Four More Questions
Mrs. S., an eighty-year-old woman from Ann Arbor, Michigan told me that one year at her Pesach Seder she had forgotten the "shank bone" that traditionally goes on the symbolic Seder Plate, and her grandson went over to her refrigerator, took out a pork chop, and placed it on the Seder Plate.
Even at this home, however contradictory, some confused semblance of Pesach ritual stubbornly persists. More than with other traditions, some mysterious spiritual energy emanating from Pesach cuts deeper and longer into the collective Jewish conscience. Why?
Another question: The dominant recurring number in the Haggadah is four: We drink four cups of wine, we ask the "Four Questions," we tell of the "Four Sons." What is the connection between Pesach and the number four?
King Solomon says in Proverbs "Listen, my son, to your father's ethic, and do not abandon the law of your mother." Without an investment of focused effort one does not acquire the ethic of one's father. Hence the phrasing, "Listen to the ethic of your father." The "father's ethic" is encountered externally, like a voice. It must be engaged, admitted, and assimilated. Only then to be internalized.
"The law of your mother," on the other hand, is axiomatic. Innate, coming with the territory of being born Jewish, it functions intuitively. Hence the negative phrasing, "Don't abandon the law of your mother." Every Jew is imbued with this given intuition; to abandon it requires an active rejection. When passive, it lingers at least subliminally.
This "law of your mother" can be described as minimal Jewishness. The Hebrew word "Uma" - nation - is from the same root as "Ima" - mother. Jewishness (apart from conversion) is established by having a Jewish mother, the given of one's being. Whereas "listening to the ethic of one's father" is presented to us as choice, with accountability; an act of freewill, at times realized and at times not.
Under the yoke of Egyptian slavery, only an elite core of Jews exercised this option, listening to "the ethic of your father." For the rank and file, the vast number of Jews, there remained only some vestiges of Jewish identity. Minimal Jewishness, the "law of one's mother," the matriarchal mode.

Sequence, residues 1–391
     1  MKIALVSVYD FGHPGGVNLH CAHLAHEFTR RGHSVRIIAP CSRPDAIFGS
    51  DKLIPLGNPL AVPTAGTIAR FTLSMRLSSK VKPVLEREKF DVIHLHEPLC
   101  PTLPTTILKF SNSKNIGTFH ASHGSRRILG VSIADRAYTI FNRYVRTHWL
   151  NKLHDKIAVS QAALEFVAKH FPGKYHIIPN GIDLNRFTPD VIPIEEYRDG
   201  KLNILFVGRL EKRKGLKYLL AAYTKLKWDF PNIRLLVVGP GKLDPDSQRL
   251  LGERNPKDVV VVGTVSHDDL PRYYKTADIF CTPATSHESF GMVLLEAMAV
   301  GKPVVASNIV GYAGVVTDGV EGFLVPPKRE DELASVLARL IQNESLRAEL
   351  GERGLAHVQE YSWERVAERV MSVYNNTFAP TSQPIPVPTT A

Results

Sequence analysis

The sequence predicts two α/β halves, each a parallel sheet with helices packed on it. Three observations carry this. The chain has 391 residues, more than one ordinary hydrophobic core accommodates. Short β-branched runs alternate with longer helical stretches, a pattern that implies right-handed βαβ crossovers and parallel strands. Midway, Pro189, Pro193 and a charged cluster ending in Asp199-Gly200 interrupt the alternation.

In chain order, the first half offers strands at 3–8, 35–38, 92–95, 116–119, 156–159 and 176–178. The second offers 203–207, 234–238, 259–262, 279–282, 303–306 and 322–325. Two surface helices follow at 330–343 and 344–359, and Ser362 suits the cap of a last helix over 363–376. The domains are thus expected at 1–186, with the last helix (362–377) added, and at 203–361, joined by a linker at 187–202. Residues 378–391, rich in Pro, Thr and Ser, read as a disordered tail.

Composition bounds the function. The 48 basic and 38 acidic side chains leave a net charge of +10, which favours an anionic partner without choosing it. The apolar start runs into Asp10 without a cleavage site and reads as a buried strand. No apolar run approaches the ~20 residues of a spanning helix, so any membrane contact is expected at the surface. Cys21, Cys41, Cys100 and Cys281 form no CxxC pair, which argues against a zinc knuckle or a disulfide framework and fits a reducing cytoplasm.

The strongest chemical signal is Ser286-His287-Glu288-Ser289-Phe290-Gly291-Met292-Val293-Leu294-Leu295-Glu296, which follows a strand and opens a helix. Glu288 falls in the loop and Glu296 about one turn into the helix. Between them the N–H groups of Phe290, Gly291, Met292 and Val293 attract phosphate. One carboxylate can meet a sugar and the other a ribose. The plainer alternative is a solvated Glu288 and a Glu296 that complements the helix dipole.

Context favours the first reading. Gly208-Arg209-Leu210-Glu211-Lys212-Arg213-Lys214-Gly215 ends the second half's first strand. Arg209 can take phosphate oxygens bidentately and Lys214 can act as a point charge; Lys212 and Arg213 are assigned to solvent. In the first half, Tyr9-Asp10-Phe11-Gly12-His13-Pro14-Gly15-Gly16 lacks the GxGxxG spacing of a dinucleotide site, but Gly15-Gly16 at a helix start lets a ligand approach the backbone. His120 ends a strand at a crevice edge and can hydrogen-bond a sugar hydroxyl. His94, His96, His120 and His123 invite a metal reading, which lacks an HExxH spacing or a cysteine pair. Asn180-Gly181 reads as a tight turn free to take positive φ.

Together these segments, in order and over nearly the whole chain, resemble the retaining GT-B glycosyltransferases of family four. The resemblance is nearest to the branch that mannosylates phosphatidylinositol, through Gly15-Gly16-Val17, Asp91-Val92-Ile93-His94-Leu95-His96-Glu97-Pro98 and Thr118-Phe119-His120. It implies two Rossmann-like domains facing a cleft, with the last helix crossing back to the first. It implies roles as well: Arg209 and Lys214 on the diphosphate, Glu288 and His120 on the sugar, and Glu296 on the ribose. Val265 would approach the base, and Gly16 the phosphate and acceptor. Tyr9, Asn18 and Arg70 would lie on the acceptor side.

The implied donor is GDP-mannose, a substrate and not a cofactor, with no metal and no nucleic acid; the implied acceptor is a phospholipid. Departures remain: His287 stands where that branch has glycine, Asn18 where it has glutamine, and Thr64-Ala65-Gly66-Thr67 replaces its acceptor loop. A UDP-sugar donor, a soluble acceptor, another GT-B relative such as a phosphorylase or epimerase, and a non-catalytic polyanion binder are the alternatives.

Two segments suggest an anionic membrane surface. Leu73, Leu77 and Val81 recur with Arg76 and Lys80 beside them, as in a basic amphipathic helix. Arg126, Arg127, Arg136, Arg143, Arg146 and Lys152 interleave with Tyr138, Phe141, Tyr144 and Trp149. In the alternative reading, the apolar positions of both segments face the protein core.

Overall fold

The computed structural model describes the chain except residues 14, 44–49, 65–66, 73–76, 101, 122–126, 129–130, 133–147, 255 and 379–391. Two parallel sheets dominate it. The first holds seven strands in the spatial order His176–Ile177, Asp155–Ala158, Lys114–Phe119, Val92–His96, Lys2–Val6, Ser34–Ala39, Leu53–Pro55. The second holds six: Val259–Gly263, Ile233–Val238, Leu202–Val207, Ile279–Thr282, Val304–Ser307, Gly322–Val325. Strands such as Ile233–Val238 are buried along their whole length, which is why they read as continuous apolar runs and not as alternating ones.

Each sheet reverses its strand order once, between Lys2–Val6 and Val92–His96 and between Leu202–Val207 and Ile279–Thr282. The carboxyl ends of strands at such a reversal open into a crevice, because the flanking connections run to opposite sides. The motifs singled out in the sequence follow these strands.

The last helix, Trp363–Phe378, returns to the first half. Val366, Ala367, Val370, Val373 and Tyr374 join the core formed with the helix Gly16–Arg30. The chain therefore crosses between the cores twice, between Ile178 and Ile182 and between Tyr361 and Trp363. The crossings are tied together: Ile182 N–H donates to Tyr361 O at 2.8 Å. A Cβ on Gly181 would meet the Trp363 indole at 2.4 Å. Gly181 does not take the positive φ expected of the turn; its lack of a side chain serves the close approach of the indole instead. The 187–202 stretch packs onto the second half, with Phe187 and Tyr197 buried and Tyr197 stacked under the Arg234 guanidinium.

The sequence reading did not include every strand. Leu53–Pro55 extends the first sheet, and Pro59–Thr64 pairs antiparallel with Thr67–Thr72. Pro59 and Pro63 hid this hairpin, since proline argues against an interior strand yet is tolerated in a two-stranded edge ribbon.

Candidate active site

Yet, this very "minimal Jewishness" was the pivot upon which the salvation would swing. That residual lingering consciousness sufficed to connect to the heritage and redemption. Without this minimum Jewishness, the floodgates of total assimilation would have burst open.
Providential guidance determined that history take another course. In Egypt, minimal Jewish identity remained; and the precariousness of that identity heightened the urgency for immediate exodus.
Why is the number four a dominant recurring theme in the Haggadah? The number four symbolizes the Matriarchs. Sara, Rivka, Rachel and Leah. This, "the matriarchal four," this "law of our Mothers" is what sustains us in exile.
Egypt would be a paradigm for all future exiles. Having built up sufficient antibodies to resist the malady of Egyptian exile, the Jewish nation could then survive all future exiles. The covenant guaranteeing Jewish continuity was made with the patriarchs. Yet, the mechanism by which the pact functions is the matriarchal mode. Wandering through the bleak valleys of dispersion, minimal Jewishness would be the bridge connecting to the next peak of mitzvah performance, to the next moment of "listening to the ethic of your Father."
Returning to our original question: Why does Pesach linger so much longer in the collective unconscious of even so-called secular Jews? Just as a given space has its special combination of topography, minerals and climate, so time has its own unique landscape. When the calendar rolls around to that place in time called Pesach, the mystical minerals of that spiritual lode can be mined. Returning to the "time-station" called Pesach, G-d reaches out to Israel just as He did that first Pesach. Every Jew feels, senses, a reactualization, a reawakening of the matriarchal root core, of his personal, and our national, identity.
When describing the father's dialogue with the son "who does not know how to ask a question," the Haggadah directs us: "You begin for him." The word "you" here is written in the feminine "aht." Here too, we see the matriarchal mode as the mechanism for maintaining minimal connection, even for the son who does not know enough to ask. That will bridge to the moment when the father can fulfill the mitzvah of "you shall tell it to your son." Ultimately, there will be that reunion of "listen my son to the ethic of your father, and do not abandon the Torah of your mother." The mitzvah of the Haggadah is just such a moment of reunion.